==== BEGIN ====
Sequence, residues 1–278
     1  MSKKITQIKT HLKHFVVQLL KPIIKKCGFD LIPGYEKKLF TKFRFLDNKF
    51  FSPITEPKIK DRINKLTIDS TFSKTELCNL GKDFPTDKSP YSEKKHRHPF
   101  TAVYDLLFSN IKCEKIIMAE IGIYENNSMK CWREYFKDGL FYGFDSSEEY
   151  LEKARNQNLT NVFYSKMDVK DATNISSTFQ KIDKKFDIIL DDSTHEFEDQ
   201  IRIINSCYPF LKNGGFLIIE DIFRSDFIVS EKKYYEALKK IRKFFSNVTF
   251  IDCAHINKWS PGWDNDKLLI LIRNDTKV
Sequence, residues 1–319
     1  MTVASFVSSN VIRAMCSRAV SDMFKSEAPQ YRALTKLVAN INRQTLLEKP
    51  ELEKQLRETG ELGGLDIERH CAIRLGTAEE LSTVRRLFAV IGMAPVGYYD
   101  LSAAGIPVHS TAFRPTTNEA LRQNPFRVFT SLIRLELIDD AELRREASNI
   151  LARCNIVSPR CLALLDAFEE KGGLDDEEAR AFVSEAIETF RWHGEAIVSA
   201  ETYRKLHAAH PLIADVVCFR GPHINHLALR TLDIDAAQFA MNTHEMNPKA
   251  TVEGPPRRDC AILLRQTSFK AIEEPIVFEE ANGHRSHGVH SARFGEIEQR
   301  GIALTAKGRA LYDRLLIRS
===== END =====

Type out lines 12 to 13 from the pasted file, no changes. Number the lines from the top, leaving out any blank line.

   151  LARCNIVSPR CLALLDAFEE KGGLDDEEAR AFVSEAIETF RWHGEAIVSA
   201  ETYRKLHAAH PLIADVVCFR GPHINHLALR TLDIDAAQFA MNTHEMNPKA